Dozens of hospital employees in New Jersey have contracted COVID-19 and workers say they're growing more concerned as positive cases continue to surge in the state and across the country.
EMTs wearing protective gear were seen diverting patients and loading them up into ambulances at Palisades Medical Center in North Bergen after 30 to 40 employees at the hospital tested positive for the virus. At Hackensack Meridian Health Ocean Medical Center, more than 100 workers were infected, according to a memo from November.
A union official for workers at Palisades Medical Center told News 4 that most of the employees who tested positive for COVID-19 are nurses from two different units, including the Progressive Care Unit -- a unit where there are patients who require significant attention.
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While the hospital system says that diverting patients is normal, even before the pandemic, and that the number of staff who are currently "out of work" due to their infection has not impacted patient care, frontline healthcare workers are alarmed.
"If our members are home sick who is taking care of the patients?" said Health Professionals and Allied Employees President Debbie White, a registered nurse. "We’ve already had two members die at Palisades Medical Center during the first surge."
White added that there have also been spikes at Jersey Shore. She said that the COVID outbreaks at Palisades and Ocean Medical Centers are alarming not just because of the health consequences, but also because the hospital management has thus far declined to give precise numbers on how many staff members have been infected.
Hackensack Meridien health would not disclose specific numbers, but did confirm the number is less than 1.5 percent of total clinical workforce, adding that the number has decreased from just days ago as more of them return to work. The hospital has also taken action by suspending visitations and constant testing for any patient that is hospitalized for more than two days.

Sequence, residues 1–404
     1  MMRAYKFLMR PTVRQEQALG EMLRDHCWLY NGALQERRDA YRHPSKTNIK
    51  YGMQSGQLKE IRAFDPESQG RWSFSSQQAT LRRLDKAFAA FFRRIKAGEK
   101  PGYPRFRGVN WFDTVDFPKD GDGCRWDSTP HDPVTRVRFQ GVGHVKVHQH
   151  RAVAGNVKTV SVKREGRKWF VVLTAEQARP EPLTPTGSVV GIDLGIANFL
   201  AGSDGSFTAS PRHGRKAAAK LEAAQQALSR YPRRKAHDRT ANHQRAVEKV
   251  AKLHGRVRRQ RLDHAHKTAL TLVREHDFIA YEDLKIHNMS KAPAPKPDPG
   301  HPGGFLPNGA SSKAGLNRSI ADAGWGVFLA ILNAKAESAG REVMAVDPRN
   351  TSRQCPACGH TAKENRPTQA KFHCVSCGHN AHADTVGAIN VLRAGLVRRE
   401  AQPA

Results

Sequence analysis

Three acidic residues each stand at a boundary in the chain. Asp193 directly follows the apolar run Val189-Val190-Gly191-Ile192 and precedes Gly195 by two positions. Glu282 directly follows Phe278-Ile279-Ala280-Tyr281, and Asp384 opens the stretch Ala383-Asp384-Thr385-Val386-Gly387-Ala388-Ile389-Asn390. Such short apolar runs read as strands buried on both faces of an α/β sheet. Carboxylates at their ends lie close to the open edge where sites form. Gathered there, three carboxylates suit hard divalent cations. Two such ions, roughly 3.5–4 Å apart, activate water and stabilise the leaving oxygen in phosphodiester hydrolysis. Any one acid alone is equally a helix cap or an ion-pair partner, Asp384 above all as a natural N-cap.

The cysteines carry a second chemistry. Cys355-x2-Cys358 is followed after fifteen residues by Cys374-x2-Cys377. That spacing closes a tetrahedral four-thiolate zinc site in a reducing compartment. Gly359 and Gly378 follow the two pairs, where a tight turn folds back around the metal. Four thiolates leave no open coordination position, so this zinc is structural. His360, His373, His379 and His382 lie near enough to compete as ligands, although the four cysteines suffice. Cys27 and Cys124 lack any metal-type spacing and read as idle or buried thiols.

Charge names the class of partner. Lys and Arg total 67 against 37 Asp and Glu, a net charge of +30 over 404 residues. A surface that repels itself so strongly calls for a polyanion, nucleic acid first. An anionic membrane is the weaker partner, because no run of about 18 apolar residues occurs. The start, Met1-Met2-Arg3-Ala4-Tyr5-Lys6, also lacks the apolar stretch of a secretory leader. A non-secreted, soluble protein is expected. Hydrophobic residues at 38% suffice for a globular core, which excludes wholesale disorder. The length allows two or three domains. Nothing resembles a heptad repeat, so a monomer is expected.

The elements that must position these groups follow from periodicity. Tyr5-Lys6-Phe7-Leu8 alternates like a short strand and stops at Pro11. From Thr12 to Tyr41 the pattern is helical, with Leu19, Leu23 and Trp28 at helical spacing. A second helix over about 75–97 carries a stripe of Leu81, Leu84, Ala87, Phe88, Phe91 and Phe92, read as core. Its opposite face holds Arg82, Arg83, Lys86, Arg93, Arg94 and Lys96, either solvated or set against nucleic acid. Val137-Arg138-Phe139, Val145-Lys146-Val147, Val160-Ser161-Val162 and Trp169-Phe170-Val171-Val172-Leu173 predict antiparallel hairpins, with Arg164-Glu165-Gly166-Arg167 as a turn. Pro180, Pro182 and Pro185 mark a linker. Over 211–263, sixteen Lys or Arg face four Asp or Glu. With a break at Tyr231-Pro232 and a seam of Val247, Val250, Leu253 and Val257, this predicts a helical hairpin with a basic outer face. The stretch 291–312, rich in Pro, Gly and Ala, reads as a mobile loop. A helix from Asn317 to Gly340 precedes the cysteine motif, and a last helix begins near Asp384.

"We continue to have adequate staffing and follow all rigorous safety protocols established by the CDC and the New Jersey Department of Health. This includes increased daily COVID-19 testing of team members in any of our units with a greater probability or incidence of confirmed cases. Greater surveillance of team members better enables us to identify those who are asymptomatic but test positive and ensure they rest at home," the hospital system said in a statement, adding that the outbreaks have "not impacted patient care."
A bill in the state assembly would require hospitals publicize data about COVID outbreaks. Gov. Phil Murphy said that he would support the bill in concept if it emphasizes transparency.
New Jersey has seen a stark increase in hospitalizations, which are at their highest levels since mid-May. The state reported its highest daily COVID death toll Tuesday (90) since May 4, a sobering statistic that likely will continue to climb following the holidays.
"These nurses and other health care professionals out of commission are going to greatly impact the ability to care for the peak of the surge which has yet to hit us," White said.